However, there are some other options. It has been suggested that one way to make the Electoral College more democratic would be to require each state's electors to vote in proportion to the popular vote rather than winner-take-all. Under the winner-take-all system, all the state's electors are awarded to the candidate with the most votes statewide. This has the effect of maximizing that state's influence in the national election. However, two states, Maine since 1972 and Nebraska since 1996, use a different system, called the "congressional district method." They choose one elector for each congressional district, and that elector must vote according to that district's popular vote. In addition, they assign another two statewide electors who must vote according to the statewide vote. On the surface, this system sounds as though it would produce a fairer result. In fact, the results of this system would be even less fair, because so many congressional districts have been gerrymandered. Because Republicans controlled most state legislatures after the 2011 census, they were in charge of redrawing most of the congressional districts, and they drew them to favor Republicans. If all electors had been awarded based on the congressional district method, Mitt Romney would have won the election in 2012 even though Obama won 5 million more votes than Romney.
A second option would be to use a whole number proportional system. This means that, instead of winner-take-all, the state would award electors to candidates based on the proportion of the statewide popular vote that each candidate won. So, for example, in Michigan in 2016, Donald Trump won by about 11,000 votes. Michigan had 16 electoral votes, and all of them went to Trump. If there had been a proportional system, 47.5% of the electoral votes would have gone to Trump, 42.27% to Clinton, and 5.23% to third parties. Trump and Clinton would have gotten approximately 7 electoral votes each: quite a different outcome. If we applied this method to all the states, Hillary Clinton would have gotten 268 electoral votes, Donald Trump would have gotten 266, and the third parties combined would have gotten four. Since nobody would have gotten the 270 electoral votes needed to win, the election would have gone to the House of Representatives, which had a Republican majority. As Republicans, they could hardly have been expected to elect Clinton, but if they elected Trump, they would have chosen someone who had lost both the popular and the electoral votes. Awkward.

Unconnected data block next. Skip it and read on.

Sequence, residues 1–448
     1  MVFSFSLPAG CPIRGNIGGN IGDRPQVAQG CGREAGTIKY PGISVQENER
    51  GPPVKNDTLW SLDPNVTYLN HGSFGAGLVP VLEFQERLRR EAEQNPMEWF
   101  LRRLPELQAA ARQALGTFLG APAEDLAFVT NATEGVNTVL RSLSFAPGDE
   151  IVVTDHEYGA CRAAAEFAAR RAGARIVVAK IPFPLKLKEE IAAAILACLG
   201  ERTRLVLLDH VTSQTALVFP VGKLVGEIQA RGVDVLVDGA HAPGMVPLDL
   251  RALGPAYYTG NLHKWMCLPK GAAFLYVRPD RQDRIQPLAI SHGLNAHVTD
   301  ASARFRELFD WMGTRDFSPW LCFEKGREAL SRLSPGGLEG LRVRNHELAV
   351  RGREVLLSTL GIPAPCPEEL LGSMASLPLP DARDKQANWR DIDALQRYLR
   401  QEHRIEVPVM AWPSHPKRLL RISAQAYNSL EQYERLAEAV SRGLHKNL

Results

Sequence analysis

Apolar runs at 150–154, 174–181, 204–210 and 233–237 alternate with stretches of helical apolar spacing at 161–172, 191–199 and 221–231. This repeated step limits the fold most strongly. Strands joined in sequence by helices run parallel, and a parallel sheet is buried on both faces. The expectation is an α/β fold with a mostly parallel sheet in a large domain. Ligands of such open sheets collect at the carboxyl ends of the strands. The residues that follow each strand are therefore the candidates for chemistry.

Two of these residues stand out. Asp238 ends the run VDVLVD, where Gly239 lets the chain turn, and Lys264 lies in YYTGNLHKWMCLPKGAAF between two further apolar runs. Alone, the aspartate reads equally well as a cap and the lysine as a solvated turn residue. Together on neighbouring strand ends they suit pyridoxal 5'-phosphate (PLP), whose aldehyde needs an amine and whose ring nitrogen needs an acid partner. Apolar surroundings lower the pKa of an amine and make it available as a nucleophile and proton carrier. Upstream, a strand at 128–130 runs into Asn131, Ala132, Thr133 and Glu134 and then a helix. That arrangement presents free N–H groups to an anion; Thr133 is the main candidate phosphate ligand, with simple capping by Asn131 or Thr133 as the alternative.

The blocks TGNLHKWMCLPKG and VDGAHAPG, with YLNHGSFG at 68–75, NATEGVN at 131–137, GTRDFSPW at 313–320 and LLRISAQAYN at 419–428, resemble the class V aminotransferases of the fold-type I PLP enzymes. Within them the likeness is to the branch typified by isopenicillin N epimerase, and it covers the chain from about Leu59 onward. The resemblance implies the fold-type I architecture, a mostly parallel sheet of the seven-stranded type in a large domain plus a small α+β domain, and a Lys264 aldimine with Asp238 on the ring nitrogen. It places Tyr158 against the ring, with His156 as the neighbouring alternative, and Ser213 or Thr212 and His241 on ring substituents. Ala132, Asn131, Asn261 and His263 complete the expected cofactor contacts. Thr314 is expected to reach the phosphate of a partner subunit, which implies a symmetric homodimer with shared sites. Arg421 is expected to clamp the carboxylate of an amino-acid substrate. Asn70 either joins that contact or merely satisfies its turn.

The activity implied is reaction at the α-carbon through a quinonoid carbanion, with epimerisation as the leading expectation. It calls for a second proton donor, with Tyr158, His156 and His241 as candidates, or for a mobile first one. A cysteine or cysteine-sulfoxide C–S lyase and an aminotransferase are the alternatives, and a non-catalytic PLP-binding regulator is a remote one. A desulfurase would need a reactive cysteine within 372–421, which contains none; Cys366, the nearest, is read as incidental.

The good thing about these alternative systems is that citizens would have more incentive to vote. For example, if you are a Republican voting in California, your vote is wasted since California votes for Democrats. However, with a proportional distribution, your vote would be more likely to count, since all 55 electoral votes wouldn't automatically go to the Democrat. This also means that candidates would have reason to campaign in all 50 states instead of focusing exclusively on the swing states.
However, as we have seen, the proportional systems have substantial drawbacks. A third option appears more fair and more democratic: The National Popular Vote Interstate Compact (NPVIC). Under this plan, each state's electoral votes would be given to the winner of the national popular vote. So, since Clinton won nationally, all the states, even those like Alabama which vote solidly Republican, would have had to pledge its electors to her. This method would leave the Electoral College in place, so no constitutional amendment would be required, and elections would still be controlled by the states. But every vote would be equal, and every voter would matter in every state; we would achieve a national popular vote.